May 17, 2011 | 2:23 pm
Posted by Mahim Maher
Pakistan’s largest city once again proved to be an excellent hiding spot for al Qaeda men with the arrest of a Yemeni operative on May 17, Tuesday. The swoop was announced in Islamabad/Rawalpindi which is why our crime reporter in Karachi couldn’t get any details because the intelligence agencies were involved. I’ve often wondered why they don’t just shake down the city, literally turn it upside down and shake out all the militants, jihadis, wannabe jihadis, preachers and pranksters.
Small wonder people can hide here. Karachi is an ungovernable city. The government has no clear estimate of its population, which is quoted to be between 15 million to 20 million people. You pick up a rock and someone will peer out at you. I don’t really blame them, there isn’t any work in the rural parts of the province if you aren’t a farmer – and even they work in terrible conditions for bad pay. There aren’t enough schools and hospitals out there. Karachi is where the streets are paved with gold.
These days I’ve been thinking a lot about Rudy Giuliani, the man who ran New York in the mid-1990s and cleaned it up with a zero tolerance policy for crime, especially low-level crime. It was called quality of life crime reduction. Stop people from breaking the smaller laws to instill a sense of safety. Yes, Giuliani was criticized for draconian measures – especially against the homeless – but in the end, I am attracted by the assessment that he made New York America’s safest city at one point in time. Don’t get me wrong, Karachi is no New York – Saddar is no Manhattan – but there are parallels and lessons to be learnt.
I’ve also been thinking about Michel Foucault and some stuff I learnt in college about governmentality. And while I’m not going to act like a ponce and delve into some obscure theory in an attempt to impress you, there is one thing that the French theorist had to offer. One of the main reasons why Karachi is ungovernable is because the bureaucracy doesn’t have a grip on its population. Until Google maps came along there weren’t even any proper accessible maps of the city. I’ll give you just one example of how woefully ill-equipped the authorities are. A couple of months ago the chief of police came to meet me at the newspaper office. At the Karachi city section we run a crime map that is printed on page 18 of The Express Tribune (http://tribune.com.pk). He marveled at it and said he wanted something like this for his force. I was amazed. I said, haven’t you watched the movies? Don’t you have some big digital map at the central police office where the crimes show up? He didn’t. At the very least, he needed to know how much crime he was looking at.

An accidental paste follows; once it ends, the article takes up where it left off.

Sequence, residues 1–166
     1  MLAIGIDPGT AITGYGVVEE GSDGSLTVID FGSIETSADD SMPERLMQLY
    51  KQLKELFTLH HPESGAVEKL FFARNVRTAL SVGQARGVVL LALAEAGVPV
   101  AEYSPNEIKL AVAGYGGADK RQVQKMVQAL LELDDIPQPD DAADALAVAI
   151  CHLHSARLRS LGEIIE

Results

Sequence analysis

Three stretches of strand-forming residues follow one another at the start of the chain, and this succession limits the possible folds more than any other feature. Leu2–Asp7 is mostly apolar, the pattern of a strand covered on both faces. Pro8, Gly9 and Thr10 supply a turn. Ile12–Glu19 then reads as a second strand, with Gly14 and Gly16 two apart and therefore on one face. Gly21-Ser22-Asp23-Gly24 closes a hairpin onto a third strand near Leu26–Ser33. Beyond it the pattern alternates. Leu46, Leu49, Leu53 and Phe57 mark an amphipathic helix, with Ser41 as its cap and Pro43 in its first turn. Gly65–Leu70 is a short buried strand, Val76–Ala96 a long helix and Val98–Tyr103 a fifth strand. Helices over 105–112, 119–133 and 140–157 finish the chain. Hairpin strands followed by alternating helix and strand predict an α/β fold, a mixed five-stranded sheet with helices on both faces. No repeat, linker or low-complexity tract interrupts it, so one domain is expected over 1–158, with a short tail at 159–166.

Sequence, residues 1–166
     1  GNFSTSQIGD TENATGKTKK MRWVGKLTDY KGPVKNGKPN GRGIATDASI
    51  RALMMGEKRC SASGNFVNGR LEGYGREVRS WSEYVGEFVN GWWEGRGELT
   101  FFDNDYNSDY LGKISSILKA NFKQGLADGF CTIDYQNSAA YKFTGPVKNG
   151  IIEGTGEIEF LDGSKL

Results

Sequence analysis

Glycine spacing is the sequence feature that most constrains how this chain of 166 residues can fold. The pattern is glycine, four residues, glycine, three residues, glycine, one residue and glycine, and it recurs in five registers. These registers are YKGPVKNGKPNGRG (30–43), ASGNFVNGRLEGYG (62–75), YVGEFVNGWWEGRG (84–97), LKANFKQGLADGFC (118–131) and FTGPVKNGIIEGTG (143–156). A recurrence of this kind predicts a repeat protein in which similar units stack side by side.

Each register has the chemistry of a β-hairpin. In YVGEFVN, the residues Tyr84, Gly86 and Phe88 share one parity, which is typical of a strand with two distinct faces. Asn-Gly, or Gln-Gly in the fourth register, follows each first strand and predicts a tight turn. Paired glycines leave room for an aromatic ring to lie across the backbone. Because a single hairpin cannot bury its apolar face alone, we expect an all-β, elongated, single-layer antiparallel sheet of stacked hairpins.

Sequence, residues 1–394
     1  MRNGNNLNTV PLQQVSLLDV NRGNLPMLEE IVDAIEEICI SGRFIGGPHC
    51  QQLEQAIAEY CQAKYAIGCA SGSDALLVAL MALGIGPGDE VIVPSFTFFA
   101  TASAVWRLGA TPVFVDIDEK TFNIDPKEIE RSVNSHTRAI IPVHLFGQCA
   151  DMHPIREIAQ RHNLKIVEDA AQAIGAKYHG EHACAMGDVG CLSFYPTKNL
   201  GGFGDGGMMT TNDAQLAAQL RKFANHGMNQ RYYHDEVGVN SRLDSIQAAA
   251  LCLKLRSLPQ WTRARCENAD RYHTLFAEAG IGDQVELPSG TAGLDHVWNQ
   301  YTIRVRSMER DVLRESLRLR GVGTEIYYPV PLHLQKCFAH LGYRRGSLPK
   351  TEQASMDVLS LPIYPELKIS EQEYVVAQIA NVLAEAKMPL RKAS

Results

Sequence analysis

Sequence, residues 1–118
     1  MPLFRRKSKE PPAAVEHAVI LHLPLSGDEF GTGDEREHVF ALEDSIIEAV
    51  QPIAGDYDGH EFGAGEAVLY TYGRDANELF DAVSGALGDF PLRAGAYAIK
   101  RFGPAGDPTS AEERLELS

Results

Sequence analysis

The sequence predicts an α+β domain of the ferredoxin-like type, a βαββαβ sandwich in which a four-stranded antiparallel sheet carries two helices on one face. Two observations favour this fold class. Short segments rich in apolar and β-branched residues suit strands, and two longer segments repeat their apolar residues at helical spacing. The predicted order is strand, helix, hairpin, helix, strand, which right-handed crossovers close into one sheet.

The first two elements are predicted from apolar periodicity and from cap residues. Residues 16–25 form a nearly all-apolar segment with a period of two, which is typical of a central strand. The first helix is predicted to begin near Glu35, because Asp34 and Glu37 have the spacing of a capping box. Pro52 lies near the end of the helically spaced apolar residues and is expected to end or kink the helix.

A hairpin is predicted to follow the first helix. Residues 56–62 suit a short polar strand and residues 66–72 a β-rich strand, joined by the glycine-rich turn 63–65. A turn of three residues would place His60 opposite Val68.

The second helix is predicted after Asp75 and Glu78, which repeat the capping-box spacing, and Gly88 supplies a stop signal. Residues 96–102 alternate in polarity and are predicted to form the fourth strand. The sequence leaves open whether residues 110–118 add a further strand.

Crimes aren’t fully reported in Karachi and as a result, the statistics are skewed. I’ll give you another example of how desperate the situation is. Every once in a while I’ll ask the crime reporter (they’re always men) if any rapes were reported. They emphatically shake their heads.
“You mean to tell me that in a city like Karachi, with 20,000,000 people not a single rape took place today,” I ask. But I know their hands are tied. Women don’t report rape here because of the stigma and the laws; because of the Hudood ordinance they land up in jail unless they produce four witnesses to testify that indeed the rape took place. [The original Quranic laws are, I personally believe, vastly misinterpreted against their spirit by male jurists].